Nairobi, July 12, 2022 – Tanzanian authorities should allow the DarMpya online news outlet to resume operations without further interference and reform the country’s online content regulations so they cannot be used to muzzle the press, the Committee to Protect Journalists said Tuesday.
The letter cited the TCRA’s June 28 inspection of the outlet’s office in the commercial capital of Dar es Salaam, where authorities found that the outlet’s license had expired in 2021, and it was therefore publishing in breach of the Electronic and Postal Communications (Online Content) Regulations.
A person familiar with the matter, who spoke to CPJ on the condition of anonymity citing safety concerns, said that DarMpya had applied for its license renewal shortly before the suspension. On July 6, DarMpya tweeted that it had ceased publication until it could renew its license.
The letter said the inspection followed complaints about DarMpya’s coverage of a protest, but did not specify the reporting in question. In a since-deleted tweet seen by CPJ, DarMpya alleged that a June 17 protest against alleged Kenyan interference in the Tanzanian government’s plan to evict members of the Maasai community from lands in northern Tanzania was staged. The person who spoke to CPJ said that the inspection was in response to that tweet.
Tanzanian Information Minister Nape Nnauye told CPJ via messaging app that DarMpya had been under scrutiny for allegedly unbalanced content, but said the outlet’s suspension had nothing to do with its journalism and was solely due to its failure to comply with licensing requirements.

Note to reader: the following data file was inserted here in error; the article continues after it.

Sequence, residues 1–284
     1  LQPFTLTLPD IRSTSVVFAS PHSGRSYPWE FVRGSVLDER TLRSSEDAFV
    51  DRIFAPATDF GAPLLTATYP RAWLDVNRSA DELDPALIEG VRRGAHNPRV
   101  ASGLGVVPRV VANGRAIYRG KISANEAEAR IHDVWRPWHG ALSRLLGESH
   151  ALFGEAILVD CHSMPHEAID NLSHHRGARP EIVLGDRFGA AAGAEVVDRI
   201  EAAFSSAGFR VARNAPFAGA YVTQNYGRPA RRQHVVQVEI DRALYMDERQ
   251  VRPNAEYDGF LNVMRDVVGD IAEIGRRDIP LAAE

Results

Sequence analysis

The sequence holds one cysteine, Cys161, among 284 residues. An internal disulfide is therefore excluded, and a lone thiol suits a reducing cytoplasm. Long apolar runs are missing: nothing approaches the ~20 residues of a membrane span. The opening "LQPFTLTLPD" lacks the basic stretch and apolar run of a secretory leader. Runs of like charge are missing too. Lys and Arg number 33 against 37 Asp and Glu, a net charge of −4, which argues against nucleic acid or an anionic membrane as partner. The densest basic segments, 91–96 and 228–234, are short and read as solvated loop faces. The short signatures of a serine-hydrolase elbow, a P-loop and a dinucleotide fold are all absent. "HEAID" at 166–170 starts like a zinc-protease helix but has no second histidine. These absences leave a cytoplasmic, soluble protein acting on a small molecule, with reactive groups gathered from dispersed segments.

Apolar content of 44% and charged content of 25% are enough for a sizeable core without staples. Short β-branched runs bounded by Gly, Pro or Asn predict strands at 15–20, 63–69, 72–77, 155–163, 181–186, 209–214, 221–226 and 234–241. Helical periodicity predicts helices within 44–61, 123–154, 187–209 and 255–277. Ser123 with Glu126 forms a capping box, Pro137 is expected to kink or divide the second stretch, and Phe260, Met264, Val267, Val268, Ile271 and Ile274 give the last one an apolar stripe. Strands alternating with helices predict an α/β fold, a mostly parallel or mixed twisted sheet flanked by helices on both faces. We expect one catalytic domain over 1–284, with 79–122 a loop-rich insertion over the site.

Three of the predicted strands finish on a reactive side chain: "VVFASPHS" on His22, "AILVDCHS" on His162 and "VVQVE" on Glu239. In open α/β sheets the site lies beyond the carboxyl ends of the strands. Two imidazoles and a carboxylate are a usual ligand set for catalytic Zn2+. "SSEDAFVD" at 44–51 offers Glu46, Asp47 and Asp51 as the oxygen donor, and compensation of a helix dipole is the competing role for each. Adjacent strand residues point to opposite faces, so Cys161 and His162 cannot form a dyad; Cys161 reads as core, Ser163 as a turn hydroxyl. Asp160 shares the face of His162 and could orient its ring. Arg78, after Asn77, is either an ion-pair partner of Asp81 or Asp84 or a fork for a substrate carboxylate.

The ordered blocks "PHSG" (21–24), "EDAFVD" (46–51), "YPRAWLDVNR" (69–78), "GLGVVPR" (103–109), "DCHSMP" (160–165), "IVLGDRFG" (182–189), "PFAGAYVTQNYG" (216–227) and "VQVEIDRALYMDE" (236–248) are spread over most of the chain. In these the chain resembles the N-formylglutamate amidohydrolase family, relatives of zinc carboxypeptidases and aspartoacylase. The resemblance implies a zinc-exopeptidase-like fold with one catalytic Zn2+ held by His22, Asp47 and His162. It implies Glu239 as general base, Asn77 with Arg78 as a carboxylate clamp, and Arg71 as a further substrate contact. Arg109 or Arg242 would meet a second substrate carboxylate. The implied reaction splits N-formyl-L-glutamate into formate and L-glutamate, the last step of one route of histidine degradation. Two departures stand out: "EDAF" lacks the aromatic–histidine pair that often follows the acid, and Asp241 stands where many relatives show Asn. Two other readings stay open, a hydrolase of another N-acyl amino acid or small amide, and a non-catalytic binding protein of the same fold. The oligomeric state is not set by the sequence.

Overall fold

“Tanzanian authorities are using a repressive set of regulations to control who may and may not express themselves online. The suspension of the DarMpya news outlet shows how such regulations can become tools of censorship,” said CPJ Sub-Saharan Africa Representative Muthoki Mumo. “Authorities should allow DarMpya to resume operations without interference, cease using harsh regulations to police speech on the internet, and urgently reform the country’s laws to nurture, rather than limit, press freedom.”
DarMpya publishes national news and commentary on its website, on YouTube as DarMpya TV, where it has about 809,000 followers, and on Twitter as DarMpya Blog, where it has over 309,000 followers. It has not published news content on those channels since July 2.
Tanzania’s online content regulations were first issued in 2018, and at the time CPJ called on authorities to scrap the regulations, as they threatened the “diversity and robustness of online media.”
A new version of the regulations was issued in 2020, and those rules were amended earlier this year, narrowing the scope of the licensing requirements, but news blogs, online television broadcasters, and online radio stations must still register with the TCRA and comply with content restrictions.
Nnauye told CPJ that the Tanzanian government was engaging with local journalists about reforming media laws, but while the regulations remain on the books, the government will enforce them.
“We can’t close our eyes and say the law isn’t there,” he said. “As long as the law is there, it is not suspended, it is not changed. I am sworn to stand and make sure these laws are followed. If it is changed, then we will follow the new one.”
Under President Samia Suluhu Hassan, who took office last year, Tanzania has committed to reforming its media laws, as CPJ has documented. However, at least two other publications—Raia Mwema and Uhuru—were suspended last year, as CPJ has documented.
In a phone call today, a representative of the TCRA said they would follow-up on emailed queries CPJ had sent about DarMpya’s case. CPJ had not received a response at the time of publication.